Manufacturers don’t have many opportunities to win awards or trophies. But getting your product line carried by a large brick-and-mortar retail chain — a Walmart, a Target, a Best Buy, or a major department store — can feel pretty close to winning the big prize.
One reason you often hear that a minimum advertised price (MAP) policy is such a vital tool for manufacturers is that, by insisting all of your resellers advertise your products at or above a certain price, you protect your brick-and-mortar retail partners from a two-fold pricing challenge: being undersold by their online-only competitors, and showrooming by customers who will use their stores to see, touch and learn about your product but then buy it online for less.
In fact, if you establish and effectively enforce a MAP price for your products, this can even increase your chances of being carried by the large brick-and-mortar retail chains in the first place.
But that’s far from the whole story. Yes, having your product line carried in big retail stores can represent a major victory for your brand. But do you want those big stores simply “carrying” your inventory? Of course not. Ideally, you want them taking a much more active role in representing your product line.
And this is where aggressively enforcing a MAP price across your entire resale channel can lead to another often-overlooked benefit for both your brick-and-mortar retailers and your company.
You want brick-and-mortar stores not only “stocking” your products, but enthusiastically selling them
When they know you are actively enforcing a MAP price for your product line — minimizing their chances of being unfairly undersold after they’ve invested in purchasing your inventory for their stores — your big retail partners are also likely to make even deeper investments in representing your products. For example…
1. Prominently displaying your products in their stores.
There’s a lot of shelf space in a Target store.
Even if you’re fortunate enough to have the retail chain stock your product line, your success in those stores will depend a great deal on how and where those items are stocked, and whether the stores put any effort into displaying them to catch shoppers’ attention.
If a manufacturer goes out of its way to demonstrate that it will always protect that retailer’s margins — with a well-publicized and aggressively enforced MAP policy, for example — that company’s products are more likely to earn prominent placement in the store.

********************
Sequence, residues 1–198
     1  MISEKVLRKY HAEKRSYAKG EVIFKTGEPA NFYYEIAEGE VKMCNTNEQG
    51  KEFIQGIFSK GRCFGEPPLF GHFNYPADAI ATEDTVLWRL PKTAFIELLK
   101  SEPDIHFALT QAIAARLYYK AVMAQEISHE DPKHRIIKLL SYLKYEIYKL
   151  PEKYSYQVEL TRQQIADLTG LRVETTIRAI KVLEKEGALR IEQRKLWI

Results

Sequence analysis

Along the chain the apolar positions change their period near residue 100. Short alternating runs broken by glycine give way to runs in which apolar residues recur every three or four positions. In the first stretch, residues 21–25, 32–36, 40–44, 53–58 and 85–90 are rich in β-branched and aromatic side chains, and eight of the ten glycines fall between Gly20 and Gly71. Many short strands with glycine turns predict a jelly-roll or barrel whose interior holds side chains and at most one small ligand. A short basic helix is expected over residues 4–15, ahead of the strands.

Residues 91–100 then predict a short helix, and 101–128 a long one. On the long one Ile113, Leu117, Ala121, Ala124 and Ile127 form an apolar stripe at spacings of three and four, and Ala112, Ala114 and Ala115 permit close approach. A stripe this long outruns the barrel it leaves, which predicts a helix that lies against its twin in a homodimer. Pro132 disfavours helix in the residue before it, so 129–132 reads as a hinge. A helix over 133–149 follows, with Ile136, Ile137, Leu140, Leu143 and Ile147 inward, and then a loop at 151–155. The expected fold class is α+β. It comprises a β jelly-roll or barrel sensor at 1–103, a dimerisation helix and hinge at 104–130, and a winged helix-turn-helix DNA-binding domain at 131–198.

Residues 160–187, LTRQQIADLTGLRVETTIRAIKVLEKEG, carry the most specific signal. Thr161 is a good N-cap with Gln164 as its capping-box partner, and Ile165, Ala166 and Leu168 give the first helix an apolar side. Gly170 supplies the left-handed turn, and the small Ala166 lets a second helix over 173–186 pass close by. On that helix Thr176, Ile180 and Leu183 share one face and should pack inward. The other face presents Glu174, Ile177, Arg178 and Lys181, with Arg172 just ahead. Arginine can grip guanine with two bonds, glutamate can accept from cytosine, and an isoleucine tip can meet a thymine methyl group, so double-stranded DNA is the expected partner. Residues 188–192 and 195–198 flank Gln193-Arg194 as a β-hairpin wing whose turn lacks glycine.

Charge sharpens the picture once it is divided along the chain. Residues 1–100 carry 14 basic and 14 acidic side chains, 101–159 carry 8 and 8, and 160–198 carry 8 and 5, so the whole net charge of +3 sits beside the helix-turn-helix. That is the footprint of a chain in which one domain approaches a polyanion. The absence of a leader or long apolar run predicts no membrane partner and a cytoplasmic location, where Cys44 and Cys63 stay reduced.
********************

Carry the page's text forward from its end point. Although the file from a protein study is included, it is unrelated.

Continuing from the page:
2. Ordering demo or display units of your products.
Another indirect but major benefit of establishing and effectively enforcing a MAP price is that it will give your brick-and-mortar retailers far more comfort in ordering demo and display units of your products for their stores.
This is precisely the type of upfront investment of capital (purchasing the units) and resources (taking employees’ time to set up the units in the store) that retail stores worry about making if they believe there’s a strong likelihood that some of their shoppers will take advantage of these demo units for showrooming purposes only.
But your MAP price sends a clear signal to these retailers that their customers won’t be able to use their stores to see, touch or try your products only to go buy them for less from an online seller. That means these retailers will be more comfortable investing in demo or display units — which will both boost sales and even introduce your brand to new customers.
3. Training in-store sales reps on your products’ features and benefits.
Another investment your brick-and-mortar retail partners will worry about making is training in-store sales reps on the features and benefits of your products, so they can speak about them intelligently and persuasively to shoppers.
Without a MAP price in place binding all resellers to advertise your products at or above a specified amount, your retail partners with physical stores will justifiably worry that a savvy shopper will visit their store with the intention of wasting a salesperson’s time getting educated about one of your products — while planning all along to leave the store and buy the item for less from an e-commerce site where they saw it advertised for less.
Now think about the flipside. If you establish and aggressively enforce a MAP price across your entire resale channel — demanding the same minimum advertised price from your online-only retailers as you do from your brick-and-mortar partners — those large retail chains will be far more confident that their margins will be safe.
This means their interests will be nicely aligned with yours — to bring more shoppers into their stores to see your products, to educate their salesforce on how best to articulate the advantages of those products, and of course to sell more units.
In other words, establishing and enforcing a MAP price for your products can lead to more than just a major retailer like Target being comfortable “stocking” your inventory in their stores. It can also give them the confidence to make these additional investments — and become a true sales advocate for your products.